NEW ORLEANS - Federal investigators on
Monday raided the downtown offices of a city-chartered nonprofit agency
accused of abusing a federally financed program that was created to
clean up houses damaged by Hurricane Katrina.
The agents carted large boxes of files away from the agency, which had been hired by the city to run the $3.6 million program.
program was intended to help elderly and poor New Orleans residents gut
and board up their storm-damaged houses, and to mow their lawns.
as a series of news reports by WWL-TV and the New Orleans daily, The
Times-Picayune, have revealed, money appears to have gone to
politically connected contractors who did little or no work on the
houses. In some instances, the contractors were paid even when it was
volunteers who did the gutting work, according to the reports.
scandal has dominated headlines and television news reports here for
weeks. Mayor C. Ray Nagin at first angrily denied that there were
problems at the nonprofit agency, the New Orleans Affordable
Homeownership Corporation, created in 1989 and known as NOAH. Last
Thursday, however, Mr. Nagin, summoned to appear before the City
Council, acknowledged for the first time that there were
"discrepancies" in the agency's records and said some houses supposedly
worked on had in fact not been.
The next day, the United States
attorney here, Jim Letten, said a federal investigation into NOAH was
under way. It was an unusual statement for a federal prosecutor. Mr.
Letten made it, he said in a brief interview Monday, because he thought
it would have "value in terms of public confidence," a remark
underscoring the weakened level of public trust in municipal
On Monday, agents of the Federal Bureau of Investigation and the Department of Housing and Urban Development
appeared at an office building opposite City Hall to seize the agency's
records. Robert W. Brown, a member of NOAH's part-time oversight board,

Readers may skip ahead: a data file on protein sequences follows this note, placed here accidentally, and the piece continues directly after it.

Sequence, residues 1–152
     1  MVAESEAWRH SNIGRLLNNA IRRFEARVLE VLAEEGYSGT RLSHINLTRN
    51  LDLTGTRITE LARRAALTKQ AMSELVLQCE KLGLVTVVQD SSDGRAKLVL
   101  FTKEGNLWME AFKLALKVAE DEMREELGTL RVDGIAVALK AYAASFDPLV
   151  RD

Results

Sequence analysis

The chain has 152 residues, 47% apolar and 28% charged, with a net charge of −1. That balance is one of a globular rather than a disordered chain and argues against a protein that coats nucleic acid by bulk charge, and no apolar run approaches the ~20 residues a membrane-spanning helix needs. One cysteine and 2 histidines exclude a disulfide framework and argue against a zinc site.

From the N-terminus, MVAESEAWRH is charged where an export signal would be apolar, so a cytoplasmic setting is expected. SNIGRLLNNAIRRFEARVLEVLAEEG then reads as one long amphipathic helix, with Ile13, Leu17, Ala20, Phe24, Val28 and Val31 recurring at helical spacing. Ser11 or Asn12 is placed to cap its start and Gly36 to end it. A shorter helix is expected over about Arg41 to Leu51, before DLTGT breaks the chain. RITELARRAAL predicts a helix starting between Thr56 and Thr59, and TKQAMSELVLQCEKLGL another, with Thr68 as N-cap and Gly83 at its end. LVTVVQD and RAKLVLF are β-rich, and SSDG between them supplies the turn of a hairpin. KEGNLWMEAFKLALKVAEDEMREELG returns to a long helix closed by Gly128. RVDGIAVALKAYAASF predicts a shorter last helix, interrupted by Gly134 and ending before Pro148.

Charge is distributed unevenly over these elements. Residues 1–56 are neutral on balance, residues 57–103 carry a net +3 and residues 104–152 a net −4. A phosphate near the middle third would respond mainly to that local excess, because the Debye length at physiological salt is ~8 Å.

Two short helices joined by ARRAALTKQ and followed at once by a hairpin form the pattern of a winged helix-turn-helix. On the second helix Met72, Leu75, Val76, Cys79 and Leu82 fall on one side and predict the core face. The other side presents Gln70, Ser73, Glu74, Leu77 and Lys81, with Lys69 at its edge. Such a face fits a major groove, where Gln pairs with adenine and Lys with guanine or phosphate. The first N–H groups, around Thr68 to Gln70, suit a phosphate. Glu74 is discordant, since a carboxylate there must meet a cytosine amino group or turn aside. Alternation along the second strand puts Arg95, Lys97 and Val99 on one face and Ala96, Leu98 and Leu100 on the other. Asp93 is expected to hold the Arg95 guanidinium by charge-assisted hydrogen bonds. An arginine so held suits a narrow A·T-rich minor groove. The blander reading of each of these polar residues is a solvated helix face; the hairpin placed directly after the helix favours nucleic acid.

said in an interview that he had been subpoenaed for additional
documents and to appear before a federal grand jury on Aug. 21. Mr.
Brown added, however, that he had had no involvement with the housing
City Attorney Penya Moses-Fields said in a
statement last week, "The city's position has always been to be fully
cooperative with any investigative body, and we are continuing to do so
as it relates to NOAH." But Ms. Moses-Fields said it would be
inappropriate to comment on any subpoenas. Russ M. Herman, the City
Council's lawyer, was quoted by The Associated Press as saying on
Monday that he believed all seven members of the Council had been
Stacy S. Head, a councilwoman who first uncovered problems at the agency, said the management lapses were "horrible."
"Unfortunately," Ms. Head said, "it appears the city gives money to agencies without much oversight."
the case of NOAH, she said, "it appears that, one, contractors who had
close connections to people in decision-making positions received
contracts they wouldn't have gotten otherwise, and two, they got money
for work that wasn't done."
One contractor was Mr. Nagin's brother-in-law. The mayor has said he was not aware of his brother-in-law's being hired.
to Ms. Head's initial research, based on a list of the houses on NOAH's
remediation list, a large number were owned not by the elderly or the
poor but by limited liability corporations. Many others were not even
owner-occupied, she said. When she presented that information to city
officials, she said, they "basically rebuked my inquiry."
housing activists, however, undertook their own research, uncovering
many more houses where no work had been done. Two activists, Karen
Gadbois and Sarah Lewis, shared their findings with a television
reporter, and the scandal grew.
- 21 Reconstruction